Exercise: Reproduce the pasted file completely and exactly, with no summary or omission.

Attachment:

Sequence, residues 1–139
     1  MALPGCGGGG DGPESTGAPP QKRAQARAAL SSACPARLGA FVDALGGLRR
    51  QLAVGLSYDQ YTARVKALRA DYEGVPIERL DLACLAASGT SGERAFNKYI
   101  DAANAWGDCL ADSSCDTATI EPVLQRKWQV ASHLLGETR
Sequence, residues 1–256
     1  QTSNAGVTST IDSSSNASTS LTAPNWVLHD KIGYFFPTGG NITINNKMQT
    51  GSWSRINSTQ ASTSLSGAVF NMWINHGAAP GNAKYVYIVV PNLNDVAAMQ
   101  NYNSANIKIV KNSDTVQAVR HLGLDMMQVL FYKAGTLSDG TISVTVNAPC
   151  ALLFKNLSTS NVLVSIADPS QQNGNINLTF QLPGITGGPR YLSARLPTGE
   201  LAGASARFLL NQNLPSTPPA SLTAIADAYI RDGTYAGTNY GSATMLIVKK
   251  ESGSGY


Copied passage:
Sequence, residues 1–139
     1  MALPGCGGGG DGPESTGAPP QKRAQARAAL SSACPARLGA FVDALGGLRR
    51  QLAVGLSYDQ YTARVKALRA DYEGVPIERL DLACLAASGT SGERAFNKYI
   101  DAANAWGDCL ADSSCDTATI EPVLQRKWQV ASHLLGETR
Sequence, residues 1–256
     1  QTSNAGVTST IDSSSNASTS LTAPNWVLHD KIGYFFPTGG NITINNKMQT
    51  GSWSRINSTQ ASTSLSGAVF NMWINHGAAP GNAKYVYIVV PNLNDVAAMQ
   101  NYNSANIKIV KNSDTVQAVR HLGLDMMQVL FYKAGTLSDG TISVTVNAPC
   151  ALLFKNLSTS NVLVSIADPS QQNGNINLTF QLPGITGGPR YLSARLPTGE
   201  LAGASARFLL NQNLPSTPPA SLTAIADAYI RDGTYAGTNY GSATMLIVKK
   251  ESGSGY